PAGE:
Turkey will add around 1,000 megawatts (MW) of solar energy capacity in the near term, according to Energy and Natural Resource Minister Fatih Dönmez.
Taking into account the potential of each city, Turkey will make between 40 and 50 MW capacity solar energy investments, which, similar to the Renewable Energy Resources Zone Areas Projects (YEKA), will be considered through tenders and contain purchase guarantees, Dönmez told Anadolu Agency (AA).
“Through these investments, we will have solar power of around 1,000 megawatts in capacity,” the minister noted. By creating a zone from the east of the country to the west to maximize solar exposure, Turkey aims to benefit from uninterrupted generation. The Turkish Renewable Energy Resources Support Mechanism (YEKDEM), which started in 2011, supported solar energy plants at a cost of $0.133 per kilowatt-hour, and wind and hydroelectricity plants at $0.73 per kilowatt-hour. However, the government plans to end this renewable incentive scheme by 2020, and according to Dönmez, the introduction of lower capacity solar plants dispersed throughout the country will be introduced, further details of which will be furnished later in the year.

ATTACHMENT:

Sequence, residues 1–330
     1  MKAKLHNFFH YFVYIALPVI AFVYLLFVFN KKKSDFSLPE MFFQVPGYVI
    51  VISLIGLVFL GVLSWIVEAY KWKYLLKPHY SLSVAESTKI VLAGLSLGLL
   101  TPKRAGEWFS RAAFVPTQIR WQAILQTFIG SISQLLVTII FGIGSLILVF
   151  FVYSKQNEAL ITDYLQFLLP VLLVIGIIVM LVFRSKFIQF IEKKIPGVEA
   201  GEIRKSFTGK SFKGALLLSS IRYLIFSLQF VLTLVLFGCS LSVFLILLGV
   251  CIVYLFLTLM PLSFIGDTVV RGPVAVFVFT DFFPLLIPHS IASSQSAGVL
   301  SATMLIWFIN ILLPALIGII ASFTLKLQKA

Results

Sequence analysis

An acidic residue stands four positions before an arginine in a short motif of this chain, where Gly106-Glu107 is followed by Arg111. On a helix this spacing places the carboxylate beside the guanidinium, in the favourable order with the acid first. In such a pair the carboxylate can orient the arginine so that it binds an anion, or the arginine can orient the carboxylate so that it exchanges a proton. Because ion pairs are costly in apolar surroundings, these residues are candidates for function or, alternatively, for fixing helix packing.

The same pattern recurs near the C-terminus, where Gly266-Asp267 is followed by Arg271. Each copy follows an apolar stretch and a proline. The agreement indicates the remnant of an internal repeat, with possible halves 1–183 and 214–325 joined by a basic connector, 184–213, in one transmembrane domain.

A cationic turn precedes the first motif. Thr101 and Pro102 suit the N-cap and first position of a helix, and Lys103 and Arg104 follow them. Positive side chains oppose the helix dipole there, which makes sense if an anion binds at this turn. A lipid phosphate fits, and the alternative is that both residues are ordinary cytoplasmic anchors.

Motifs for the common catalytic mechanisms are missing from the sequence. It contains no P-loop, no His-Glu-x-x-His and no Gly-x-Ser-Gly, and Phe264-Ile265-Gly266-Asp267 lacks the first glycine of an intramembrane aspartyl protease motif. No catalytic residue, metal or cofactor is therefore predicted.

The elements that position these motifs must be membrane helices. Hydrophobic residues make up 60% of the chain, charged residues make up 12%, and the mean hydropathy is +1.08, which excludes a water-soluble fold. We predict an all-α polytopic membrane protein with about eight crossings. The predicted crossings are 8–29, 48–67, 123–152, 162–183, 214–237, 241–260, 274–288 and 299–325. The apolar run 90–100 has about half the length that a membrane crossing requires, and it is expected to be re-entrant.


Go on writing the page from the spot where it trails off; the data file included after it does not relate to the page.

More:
In October 2018, due to challenges in the financing of large-scale YEKA projects, the energy ministry announced the opening of tenders up to 50 MW instead of the previously offered YEKA tenders up to a total of 1,000 MW. Dönmez acknowledged the considerable progress made in the development of renewable energy resources in Turkey over the past 15 years and said the energy ministry is currently working on this alternative renewables scheme for post 2020 when YEKDEM ends.
“We can observe that some renewable technologies are becoming competitive with conventional energy production facilities. Thus, support may not be needed for some types of [renewable energy] resources and technologies. However, for some renewables sources, the technology has not reached its maturity level yet. Costs have not reached the desired levels. It [support for renewables] can continue for a certain time under certain conditions,” he said.
“In this context, of course, legal changes may also be needed,” Dönmez said and added, “We will clarify all of these [issues] this year and share it with our investors and citizens.” In 2017, through the energy ministry’s YEKA tenders, Turkey held a solar tender with a capacity of 1,000 MW with a winning bid price per megawatt-hour of $6.99. Also in 2017, an equivalent capacity wind tender was achieved at $3.49 per megawatt-hour. After hitting 31 percent of renewable electricity production in August 2018, Turkey’s authorities took concrete investment steps to revise its renewable target for 2023. Turkey aims to supply 65 percent of energy needs from domestic and renewable sources in 2023, according to the ministry.